Monday, February 6, 2012

Theater: New Shows (February 7-13)

The Great White Whale of the week is Death of a Salesman. I can't seem to get excited about it, despite its pedigree―or maybe because of it. Dream teams and supergroups can be averse to risk. I'm more excited about the resurrected Bleecker Street Theater, where a loose adaptation of Moby Dick gets revived: And God Created Great Whales, a modernist mixed-media opera that I was sad to miss back in 2000.
Rinde Eckert and Nora Cole swim the whirlpool of madness
in And God Created Great Whales
(photo: Caleb Wertenbaker)

And God Created Great Whales
where: Bleecker Street Theater
first night: Tuesday, Feb. 7
This musical drama, which premiered in 2000, dives into the mind of a composer who's fighting dementia by trying to write an opera based on Moby Dick. The show's creator, Rinde Eckert, has a radical style that's closer to modern opera than musical theater. Its challenging style is matched by the reward.

Death of a Salesman
where: Ethel Barrymore Theater
first night: Monday, Feb. 13
Arthur Miller's Everyman tragedy fits the Great Recession better than the Internet boom of '99, when it was last revived. This time, Mike Nichols directs a heavy cast, built around Philip Seymour Hoffman, Linda Emond, and Andrew Garfield (star of this summer's Spider-Man reboot) as the unhappy Loman family.

Hurt Village
where: Signature Center
first night: Tuesday, Feb. 7
Set during a long Memphis summer, this show offers a finely-tuned social conscience with faint echos of A Raisin in the Sun. A family prepares to move from a housing project to a more hopeful life, with a focus on a veteran who unexpectedly returns from Iraq. FYI, playwright Katori Hall also wrote The Mountaintop.

The Inexplicable Redemption of Agent G
where: Theater Row
first night: Tuesday, Feb. 7
The Vampire Cowboys take an irreverent approach to genre work that's common on cable TV: horror, sci-fi, action―you know, the fun stuff! Their latest comedy is an Asian spy thriller with a revenge subplot, offering plenty of over-the-top violence while lampooning race and sex. Not to be missed!

Merrily We Role Along
where: City Center
first night: Wednesday, Feb. 8
This Sondheim musical has earned revisions and a higher reputation since bombing its 1981 Broadway premiere. Based, incidentally, on a 1930s Kaufman/Hart drama, Merrily follows a Hollywood bigwig backwards through his life to his happy beginnings as a Broadway composer.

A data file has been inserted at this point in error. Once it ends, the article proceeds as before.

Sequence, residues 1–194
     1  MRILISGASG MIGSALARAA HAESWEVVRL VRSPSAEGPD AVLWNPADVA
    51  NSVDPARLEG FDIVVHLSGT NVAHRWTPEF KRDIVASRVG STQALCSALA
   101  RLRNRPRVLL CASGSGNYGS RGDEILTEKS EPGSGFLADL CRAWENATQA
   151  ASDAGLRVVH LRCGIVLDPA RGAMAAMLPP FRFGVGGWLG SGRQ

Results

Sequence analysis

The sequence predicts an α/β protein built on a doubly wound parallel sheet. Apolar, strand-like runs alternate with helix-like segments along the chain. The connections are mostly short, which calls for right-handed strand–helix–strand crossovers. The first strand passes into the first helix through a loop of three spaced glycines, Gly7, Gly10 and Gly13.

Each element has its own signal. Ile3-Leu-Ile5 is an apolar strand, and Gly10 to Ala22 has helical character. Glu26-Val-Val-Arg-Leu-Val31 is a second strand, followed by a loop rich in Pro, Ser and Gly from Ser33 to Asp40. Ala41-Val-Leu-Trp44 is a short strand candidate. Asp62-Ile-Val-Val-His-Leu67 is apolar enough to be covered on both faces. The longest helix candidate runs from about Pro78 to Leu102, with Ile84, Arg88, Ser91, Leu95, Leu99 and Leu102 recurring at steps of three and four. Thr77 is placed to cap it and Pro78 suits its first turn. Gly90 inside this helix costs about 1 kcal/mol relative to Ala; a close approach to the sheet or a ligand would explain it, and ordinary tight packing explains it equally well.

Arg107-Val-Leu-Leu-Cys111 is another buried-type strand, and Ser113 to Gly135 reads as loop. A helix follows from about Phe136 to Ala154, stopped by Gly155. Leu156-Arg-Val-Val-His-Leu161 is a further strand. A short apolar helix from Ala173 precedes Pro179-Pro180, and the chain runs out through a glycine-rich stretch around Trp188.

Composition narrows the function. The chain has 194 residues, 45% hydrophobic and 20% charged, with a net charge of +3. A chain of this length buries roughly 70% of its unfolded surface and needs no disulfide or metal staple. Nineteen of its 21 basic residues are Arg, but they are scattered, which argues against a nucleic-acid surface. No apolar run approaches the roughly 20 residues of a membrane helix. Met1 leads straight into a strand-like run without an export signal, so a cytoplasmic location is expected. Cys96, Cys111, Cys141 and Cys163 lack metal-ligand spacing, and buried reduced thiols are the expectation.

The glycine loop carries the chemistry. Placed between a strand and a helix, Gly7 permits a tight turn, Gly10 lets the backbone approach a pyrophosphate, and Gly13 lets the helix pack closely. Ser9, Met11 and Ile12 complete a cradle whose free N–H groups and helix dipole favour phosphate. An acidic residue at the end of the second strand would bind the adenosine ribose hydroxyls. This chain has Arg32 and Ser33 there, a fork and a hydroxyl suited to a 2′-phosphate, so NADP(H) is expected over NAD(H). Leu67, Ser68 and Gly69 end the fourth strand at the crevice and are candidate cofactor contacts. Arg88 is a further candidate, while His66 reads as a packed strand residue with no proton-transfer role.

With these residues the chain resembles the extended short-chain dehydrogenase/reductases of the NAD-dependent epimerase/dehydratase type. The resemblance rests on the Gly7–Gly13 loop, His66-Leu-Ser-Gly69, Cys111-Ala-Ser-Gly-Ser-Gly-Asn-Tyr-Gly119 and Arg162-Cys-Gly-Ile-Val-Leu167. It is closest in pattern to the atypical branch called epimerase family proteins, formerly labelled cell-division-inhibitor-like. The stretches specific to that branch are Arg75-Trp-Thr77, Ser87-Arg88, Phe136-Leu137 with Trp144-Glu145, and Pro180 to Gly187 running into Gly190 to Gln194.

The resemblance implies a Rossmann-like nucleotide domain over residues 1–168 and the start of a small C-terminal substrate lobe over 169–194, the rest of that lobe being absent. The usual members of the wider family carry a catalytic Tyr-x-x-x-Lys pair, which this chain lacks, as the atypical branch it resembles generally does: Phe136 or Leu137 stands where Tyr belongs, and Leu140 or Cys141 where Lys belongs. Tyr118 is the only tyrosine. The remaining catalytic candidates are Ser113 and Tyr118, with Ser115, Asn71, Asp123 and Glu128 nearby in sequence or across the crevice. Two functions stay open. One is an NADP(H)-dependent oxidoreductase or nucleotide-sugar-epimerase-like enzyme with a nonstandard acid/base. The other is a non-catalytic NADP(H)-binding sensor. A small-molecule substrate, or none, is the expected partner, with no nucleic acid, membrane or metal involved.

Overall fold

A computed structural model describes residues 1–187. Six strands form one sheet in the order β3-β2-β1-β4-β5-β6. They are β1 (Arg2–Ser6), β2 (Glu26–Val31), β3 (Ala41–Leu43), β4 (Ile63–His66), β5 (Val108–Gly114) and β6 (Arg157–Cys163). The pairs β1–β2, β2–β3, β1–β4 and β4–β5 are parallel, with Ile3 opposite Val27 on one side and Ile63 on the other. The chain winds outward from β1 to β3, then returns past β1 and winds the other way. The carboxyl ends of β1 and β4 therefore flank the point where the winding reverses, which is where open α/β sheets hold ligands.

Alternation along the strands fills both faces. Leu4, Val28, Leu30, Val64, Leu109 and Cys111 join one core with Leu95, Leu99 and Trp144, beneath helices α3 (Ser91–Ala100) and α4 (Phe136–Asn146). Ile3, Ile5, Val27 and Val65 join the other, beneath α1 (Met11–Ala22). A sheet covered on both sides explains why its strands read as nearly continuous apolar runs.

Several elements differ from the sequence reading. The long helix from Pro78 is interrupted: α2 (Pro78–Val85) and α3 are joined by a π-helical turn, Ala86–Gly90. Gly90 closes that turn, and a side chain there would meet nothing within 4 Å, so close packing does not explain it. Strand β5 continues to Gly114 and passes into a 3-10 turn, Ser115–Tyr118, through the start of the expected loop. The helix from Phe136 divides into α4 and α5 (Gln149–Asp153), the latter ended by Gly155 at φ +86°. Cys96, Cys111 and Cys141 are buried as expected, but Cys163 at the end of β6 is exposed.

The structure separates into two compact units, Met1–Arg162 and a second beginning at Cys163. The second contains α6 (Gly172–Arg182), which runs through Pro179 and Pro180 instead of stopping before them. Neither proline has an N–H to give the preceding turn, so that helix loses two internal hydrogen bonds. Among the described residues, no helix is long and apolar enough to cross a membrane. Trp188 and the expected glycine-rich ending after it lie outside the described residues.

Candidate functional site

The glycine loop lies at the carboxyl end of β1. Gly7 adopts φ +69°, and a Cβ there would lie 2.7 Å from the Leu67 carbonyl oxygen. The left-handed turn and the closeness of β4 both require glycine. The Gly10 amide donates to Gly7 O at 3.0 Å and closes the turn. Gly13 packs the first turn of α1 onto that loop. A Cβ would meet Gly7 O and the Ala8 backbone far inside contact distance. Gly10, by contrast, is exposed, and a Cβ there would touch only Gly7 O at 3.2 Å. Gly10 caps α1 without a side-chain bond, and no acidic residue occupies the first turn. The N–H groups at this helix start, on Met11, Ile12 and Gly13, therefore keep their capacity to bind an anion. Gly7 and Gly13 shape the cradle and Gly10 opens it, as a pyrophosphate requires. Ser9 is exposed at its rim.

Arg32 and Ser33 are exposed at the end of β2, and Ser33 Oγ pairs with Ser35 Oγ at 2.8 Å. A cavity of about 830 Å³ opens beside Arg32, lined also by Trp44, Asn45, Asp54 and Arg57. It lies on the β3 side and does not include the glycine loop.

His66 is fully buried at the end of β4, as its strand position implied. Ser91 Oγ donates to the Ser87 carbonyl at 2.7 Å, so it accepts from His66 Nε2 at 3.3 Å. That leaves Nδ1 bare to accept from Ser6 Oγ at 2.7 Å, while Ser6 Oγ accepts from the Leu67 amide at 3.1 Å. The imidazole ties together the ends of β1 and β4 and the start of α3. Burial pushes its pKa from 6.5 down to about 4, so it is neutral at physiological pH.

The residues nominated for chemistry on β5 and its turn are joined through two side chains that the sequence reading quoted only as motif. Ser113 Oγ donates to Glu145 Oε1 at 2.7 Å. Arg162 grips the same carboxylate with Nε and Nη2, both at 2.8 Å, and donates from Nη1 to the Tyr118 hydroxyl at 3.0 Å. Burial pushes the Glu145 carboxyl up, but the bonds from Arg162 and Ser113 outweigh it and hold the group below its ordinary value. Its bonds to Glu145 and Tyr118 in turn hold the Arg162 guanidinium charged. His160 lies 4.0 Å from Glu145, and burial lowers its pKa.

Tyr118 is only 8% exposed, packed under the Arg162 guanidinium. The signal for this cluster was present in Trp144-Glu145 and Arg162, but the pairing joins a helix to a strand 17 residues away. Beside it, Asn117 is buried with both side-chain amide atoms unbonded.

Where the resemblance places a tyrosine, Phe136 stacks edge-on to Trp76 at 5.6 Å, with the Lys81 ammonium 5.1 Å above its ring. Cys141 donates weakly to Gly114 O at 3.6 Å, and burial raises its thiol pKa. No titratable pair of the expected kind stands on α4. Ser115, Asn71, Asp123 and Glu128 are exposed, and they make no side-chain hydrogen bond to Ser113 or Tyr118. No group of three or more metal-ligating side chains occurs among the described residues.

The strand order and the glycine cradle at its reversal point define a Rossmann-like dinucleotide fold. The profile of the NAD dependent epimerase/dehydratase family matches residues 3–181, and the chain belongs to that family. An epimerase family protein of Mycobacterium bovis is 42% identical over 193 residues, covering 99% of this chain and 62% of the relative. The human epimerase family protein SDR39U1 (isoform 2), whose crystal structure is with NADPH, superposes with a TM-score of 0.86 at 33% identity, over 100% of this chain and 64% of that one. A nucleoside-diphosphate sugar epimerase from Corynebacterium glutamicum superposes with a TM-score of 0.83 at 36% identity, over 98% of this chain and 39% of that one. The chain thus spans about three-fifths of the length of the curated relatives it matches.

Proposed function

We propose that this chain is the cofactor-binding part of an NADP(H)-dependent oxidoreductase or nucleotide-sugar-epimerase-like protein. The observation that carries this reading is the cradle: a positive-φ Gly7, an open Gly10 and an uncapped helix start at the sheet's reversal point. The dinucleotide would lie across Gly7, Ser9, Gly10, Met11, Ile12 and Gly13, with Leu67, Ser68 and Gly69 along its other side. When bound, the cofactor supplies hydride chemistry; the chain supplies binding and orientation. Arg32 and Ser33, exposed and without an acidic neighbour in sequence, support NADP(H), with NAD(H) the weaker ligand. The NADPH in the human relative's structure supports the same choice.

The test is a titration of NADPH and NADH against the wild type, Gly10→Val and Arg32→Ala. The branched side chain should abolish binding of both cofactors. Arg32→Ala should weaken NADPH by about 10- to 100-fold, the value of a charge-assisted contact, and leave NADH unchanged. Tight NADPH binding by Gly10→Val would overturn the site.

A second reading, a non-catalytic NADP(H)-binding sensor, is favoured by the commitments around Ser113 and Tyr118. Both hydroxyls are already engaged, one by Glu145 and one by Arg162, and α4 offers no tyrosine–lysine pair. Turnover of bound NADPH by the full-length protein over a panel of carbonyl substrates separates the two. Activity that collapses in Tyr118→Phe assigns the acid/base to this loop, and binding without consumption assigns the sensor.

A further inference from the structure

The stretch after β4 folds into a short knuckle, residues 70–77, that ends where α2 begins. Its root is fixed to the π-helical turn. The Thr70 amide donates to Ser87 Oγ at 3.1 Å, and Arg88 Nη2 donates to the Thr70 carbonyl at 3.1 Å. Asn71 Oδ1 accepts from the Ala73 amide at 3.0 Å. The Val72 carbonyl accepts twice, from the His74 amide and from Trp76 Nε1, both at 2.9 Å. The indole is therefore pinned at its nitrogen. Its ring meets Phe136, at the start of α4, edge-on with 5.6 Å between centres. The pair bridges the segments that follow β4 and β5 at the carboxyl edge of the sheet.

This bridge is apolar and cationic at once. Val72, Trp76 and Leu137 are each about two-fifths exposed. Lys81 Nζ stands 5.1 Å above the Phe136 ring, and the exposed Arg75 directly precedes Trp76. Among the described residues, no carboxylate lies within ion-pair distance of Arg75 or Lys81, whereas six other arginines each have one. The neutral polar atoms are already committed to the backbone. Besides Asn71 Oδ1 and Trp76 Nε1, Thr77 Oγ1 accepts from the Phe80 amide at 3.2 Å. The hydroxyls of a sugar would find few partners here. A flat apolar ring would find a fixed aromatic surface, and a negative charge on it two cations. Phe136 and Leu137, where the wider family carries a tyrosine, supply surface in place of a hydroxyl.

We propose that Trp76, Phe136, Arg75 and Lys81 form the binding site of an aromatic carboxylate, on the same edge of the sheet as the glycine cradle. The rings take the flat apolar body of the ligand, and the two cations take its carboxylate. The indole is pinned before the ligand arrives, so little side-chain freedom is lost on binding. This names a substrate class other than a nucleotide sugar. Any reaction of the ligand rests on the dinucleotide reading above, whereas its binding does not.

The Navigator
where: WorkShop Theater
first night: Thursday, Feb. 9
A victim of the Great Recession finds the answers to all his problems coming from his car's navigation system. The plot sounds like whimsical fun―who hasn't wondered what that GPS voice could tell us? Hopefully, the light comedy sci-fi concept will move past simple sitcom territory to somewhere unexpected.

Poetic License
where: 59E59
first night: Thursday, Feb. 9
Though Poetic License is billed as a campus drama on the subjects of plagiarism and the scourge of publish-or-perish, a plot summary makes it sound more like a domestic drama with college trappings. A daughter returns home to introduce her new boyfriend to her poet laureate father and to spill a few secrets.

Rated P for Parenthood
where: Westside Upstairs
first night: Wednesday, Feb. 8
This domestic comedy treats the delights and hardships of parenting, from conception to college, in 90 minutes. Something about this show smells iffy―maybe because the press release says it's contains “giant doses of heart and humor”. Maybe I'm just cynical after 6 exhausting months as a father?

Venus in Fur
Lyceum Theater
first night: Tuesday, Feb. 7
One of the most electrifying American plays of the last decade shifts venues to continue its Broadway run. The battery that gives the play its special charge is Nina Arianda, who gives a nearly impossible role (dumb ingenue to smart cookie to dominatrix to Goddess) a soul. Go see this one.

Last chance!
where: The Gym at Judson
read my review

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